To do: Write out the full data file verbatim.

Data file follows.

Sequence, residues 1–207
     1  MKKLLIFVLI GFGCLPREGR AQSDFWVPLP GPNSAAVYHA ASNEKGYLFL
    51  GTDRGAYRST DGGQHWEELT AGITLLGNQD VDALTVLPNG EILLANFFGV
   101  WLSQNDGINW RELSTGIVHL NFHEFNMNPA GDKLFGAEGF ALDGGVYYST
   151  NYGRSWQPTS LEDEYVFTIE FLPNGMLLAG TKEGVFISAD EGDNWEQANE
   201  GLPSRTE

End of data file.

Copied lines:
Sequence, residues 1–207
     1  MKKLLIFVLI GFGCLPREGR AQSDFWVPLP GPNSAAVYHA ASNEKGYLFL
    51  GTDRGAYRST DGGQHWEELT AGITLLGNQD VDALTVLPNG EILLANFFGV
   101  WLSQNDGINW RELSTGIVHL NFHEFNMNPA GDKLFGAEGF ALDGGVYYST
   151  NYGRSWQPTS LEDEYVFTIE FLPNGMLLAG TKEGVFISAD EGDNWEQANE
   201  GLPSRTE